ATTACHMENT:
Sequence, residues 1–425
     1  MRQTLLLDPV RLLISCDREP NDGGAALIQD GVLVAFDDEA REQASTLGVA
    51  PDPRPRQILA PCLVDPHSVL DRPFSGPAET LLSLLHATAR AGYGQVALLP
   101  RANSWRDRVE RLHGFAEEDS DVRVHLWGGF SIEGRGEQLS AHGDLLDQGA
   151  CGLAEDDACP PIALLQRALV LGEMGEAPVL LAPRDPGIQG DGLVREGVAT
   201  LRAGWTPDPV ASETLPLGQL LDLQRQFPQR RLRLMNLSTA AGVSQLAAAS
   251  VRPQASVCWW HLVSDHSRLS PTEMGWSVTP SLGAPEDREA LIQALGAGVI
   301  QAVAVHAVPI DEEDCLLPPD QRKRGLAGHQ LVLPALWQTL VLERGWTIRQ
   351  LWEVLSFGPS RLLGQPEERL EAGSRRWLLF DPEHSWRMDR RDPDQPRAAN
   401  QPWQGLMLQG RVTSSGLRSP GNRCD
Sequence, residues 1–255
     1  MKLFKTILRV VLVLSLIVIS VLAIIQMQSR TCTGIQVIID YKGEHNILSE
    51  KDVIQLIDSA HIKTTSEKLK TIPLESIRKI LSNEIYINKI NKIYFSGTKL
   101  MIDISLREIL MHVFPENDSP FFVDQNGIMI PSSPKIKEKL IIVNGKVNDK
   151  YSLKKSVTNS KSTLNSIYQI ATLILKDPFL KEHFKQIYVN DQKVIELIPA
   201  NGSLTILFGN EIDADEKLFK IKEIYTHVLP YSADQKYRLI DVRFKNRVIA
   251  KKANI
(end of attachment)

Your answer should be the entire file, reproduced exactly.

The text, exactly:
Sequence, residues 1–425
     1  MRQTLLLDPV RLLISCDREP NDGGAALIQD GVLVAFDDEA REQASTLGVA
    51  PDPRPRQILA PCLVDPHSVL DRPFSGPAET LLSLLHATAR AGYGQVALLP
   101  RANSWRDRVE RLHGFAEEDS DVRVHLWGGF SIEGRGEQLS AHGDLLDQGA
   151  CGLAEDDACP PIALLQRALV LGEMGEAPVL LAPRDPGIQG DGLVREGVAT
   201  LRAGWTPDPV ASETLPLGQL LDLQRQFPQR RLRLMNLSTA AGVSQLAAAS
   251  VRPQASVCWW HLVSDHSRLS PTEMGWSVTP SLGAPEDREA LIQALGAGVI
   301  QAVAVHAVPI DEEDCLLPPD QRKRGLAGHQ LVLPALWQTL VLERGWTIRQ
   351  LWEVLSFGPS RLLGQPEERL EAGSRRWLLF DPEHSWRMDR RDPDQPRAAN
   401  QPWQGLMLQG RVTSSGLRSP GNRCD
Sequence, residues 1–255
     1  MKLFKTILRV VLVLSLIVIS VLAIIQMQSR TCTGIQVIID YKGEHNILSE
    51  KDVIQLIDSA HIKTTSEKLK TIPLESIRKI LSNEIYINKI NKIYFSGTKL
   101  MIDISLREIL MHVFPENDSP FFVDQNGIMI PSSPKIKEKL IIVNGKVNDK
   151  YSLKKSVTNS KSTLNSIYQI ATLILKDPFL KEHFKQIYVN DQKVIELIPA
   201  NGSLTILFGN EIDADEKLFK IKEIYTHVLP YSADQKYRLI DVRFKNRVIA
   251  KKANI